Via Roy Edroso, I found this interesting bit of commentary on the art of writing from novelist Raymond Chandler:
What do I do with myself from day to day? I write when I can and I don’t write when I can’t; always in the morning or the early part of the day. . . . I’m always seeing little pieces by writers about how they don’t wait for inspiration; they just sit down at their little desks at eight, rain or shine, hangover and broken arm and all, and bang out their little stint. However blank their minds or dim their wits, no nonsense about inspiration for them. I offer them my admiration and take care to avoid their books. Me, I wait for inspiration, though I don’t necessarily call it by that name. . . . The important thing is that there should be a space of time, four hours a day at least, when a professional writer doesn’t do anything else but write. He doesn’t have to write, and if he doesn’t feel like it, he shouldn’t try. . . . Two very simple rules, a. you don’t have to write. b. you can’t do anything else. The rest comes of itself.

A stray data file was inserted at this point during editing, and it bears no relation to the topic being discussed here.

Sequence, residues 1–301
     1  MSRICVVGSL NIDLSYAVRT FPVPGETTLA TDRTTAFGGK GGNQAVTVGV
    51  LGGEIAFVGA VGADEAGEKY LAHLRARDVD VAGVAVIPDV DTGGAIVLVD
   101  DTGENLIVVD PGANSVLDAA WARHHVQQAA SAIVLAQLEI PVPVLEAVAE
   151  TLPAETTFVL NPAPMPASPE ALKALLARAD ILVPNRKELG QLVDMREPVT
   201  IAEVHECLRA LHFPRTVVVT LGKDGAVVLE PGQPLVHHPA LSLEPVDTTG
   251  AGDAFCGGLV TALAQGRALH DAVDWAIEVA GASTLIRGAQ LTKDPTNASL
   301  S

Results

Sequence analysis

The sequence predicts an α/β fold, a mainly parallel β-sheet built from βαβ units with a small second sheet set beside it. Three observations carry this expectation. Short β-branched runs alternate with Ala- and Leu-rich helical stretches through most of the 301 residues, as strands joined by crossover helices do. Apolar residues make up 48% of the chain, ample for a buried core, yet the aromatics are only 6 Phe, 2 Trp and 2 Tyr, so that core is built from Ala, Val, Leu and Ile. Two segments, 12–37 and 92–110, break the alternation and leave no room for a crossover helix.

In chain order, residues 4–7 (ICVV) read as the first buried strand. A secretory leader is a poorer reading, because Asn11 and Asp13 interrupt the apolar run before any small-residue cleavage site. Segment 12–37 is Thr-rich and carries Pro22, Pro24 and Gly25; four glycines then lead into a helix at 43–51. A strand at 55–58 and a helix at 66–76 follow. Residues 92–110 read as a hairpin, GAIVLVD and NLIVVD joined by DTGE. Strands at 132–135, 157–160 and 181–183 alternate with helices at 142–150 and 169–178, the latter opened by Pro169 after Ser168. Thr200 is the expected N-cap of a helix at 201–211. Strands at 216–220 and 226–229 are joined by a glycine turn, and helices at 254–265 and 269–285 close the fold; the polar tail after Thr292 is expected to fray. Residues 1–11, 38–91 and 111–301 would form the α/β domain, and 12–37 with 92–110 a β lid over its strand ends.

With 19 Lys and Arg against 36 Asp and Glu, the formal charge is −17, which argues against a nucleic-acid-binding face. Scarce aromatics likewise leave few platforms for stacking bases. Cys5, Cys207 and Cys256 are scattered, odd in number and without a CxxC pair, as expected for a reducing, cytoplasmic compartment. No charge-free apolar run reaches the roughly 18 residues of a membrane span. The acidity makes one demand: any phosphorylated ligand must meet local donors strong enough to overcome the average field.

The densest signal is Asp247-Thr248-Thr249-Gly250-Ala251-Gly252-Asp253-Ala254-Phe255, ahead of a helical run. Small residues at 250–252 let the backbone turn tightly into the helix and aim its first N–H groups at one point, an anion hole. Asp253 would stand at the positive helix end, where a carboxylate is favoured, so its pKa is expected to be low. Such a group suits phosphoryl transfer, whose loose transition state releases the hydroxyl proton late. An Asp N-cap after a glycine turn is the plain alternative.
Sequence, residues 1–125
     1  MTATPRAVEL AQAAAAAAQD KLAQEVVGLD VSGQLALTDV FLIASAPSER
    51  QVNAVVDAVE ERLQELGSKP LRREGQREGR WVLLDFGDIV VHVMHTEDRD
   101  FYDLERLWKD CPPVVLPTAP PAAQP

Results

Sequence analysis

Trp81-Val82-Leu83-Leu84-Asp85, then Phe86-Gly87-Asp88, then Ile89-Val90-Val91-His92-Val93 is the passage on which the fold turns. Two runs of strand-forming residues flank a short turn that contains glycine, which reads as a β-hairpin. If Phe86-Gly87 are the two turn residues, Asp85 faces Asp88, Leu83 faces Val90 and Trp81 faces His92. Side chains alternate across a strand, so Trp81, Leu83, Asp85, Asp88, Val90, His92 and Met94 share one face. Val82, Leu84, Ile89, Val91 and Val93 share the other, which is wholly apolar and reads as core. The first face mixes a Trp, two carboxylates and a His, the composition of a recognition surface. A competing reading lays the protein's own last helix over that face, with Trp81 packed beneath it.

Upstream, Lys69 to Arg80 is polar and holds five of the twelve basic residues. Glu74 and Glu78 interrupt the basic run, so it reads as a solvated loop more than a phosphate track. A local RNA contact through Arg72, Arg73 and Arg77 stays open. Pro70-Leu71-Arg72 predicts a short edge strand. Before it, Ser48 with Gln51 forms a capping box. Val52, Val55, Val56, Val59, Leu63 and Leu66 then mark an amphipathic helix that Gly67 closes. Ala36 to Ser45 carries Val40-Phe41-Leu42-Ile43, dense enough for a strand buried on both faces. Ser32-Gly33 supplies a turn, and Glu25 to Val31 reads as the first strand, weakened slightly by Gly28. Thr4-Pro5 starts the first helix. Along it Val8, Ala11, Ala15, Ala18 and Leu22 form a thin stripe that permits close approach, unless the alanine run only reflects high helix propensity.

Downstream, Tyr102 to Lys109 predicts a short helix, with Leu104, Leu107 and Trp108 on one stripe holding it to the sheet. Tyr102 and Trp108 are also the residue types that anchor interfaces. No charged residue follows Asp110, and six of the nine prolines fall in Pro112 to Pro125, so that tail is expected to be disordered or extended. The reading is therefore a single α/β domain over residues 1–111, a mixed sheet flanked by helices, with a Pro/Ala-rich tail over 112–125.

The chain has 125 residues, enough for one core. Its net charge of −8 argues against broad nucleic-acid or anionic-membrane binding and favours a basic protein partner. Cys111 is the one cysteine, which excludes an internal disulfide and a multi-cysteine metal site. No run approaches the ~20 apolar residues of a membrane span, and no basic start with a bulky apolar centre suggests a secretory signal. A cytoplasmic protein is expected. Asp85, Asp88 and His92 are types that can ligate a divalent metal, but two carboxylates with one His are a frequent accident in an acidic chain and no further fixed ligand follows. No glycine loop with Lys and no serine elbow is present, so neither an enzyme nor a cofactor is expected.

This is quite the interesting thesis. Though many of us don’t quite have the luxury of four hours a day, does it make sense to set time aside only for writing (whether you produce anything or not?) I wonder how many people operate this way.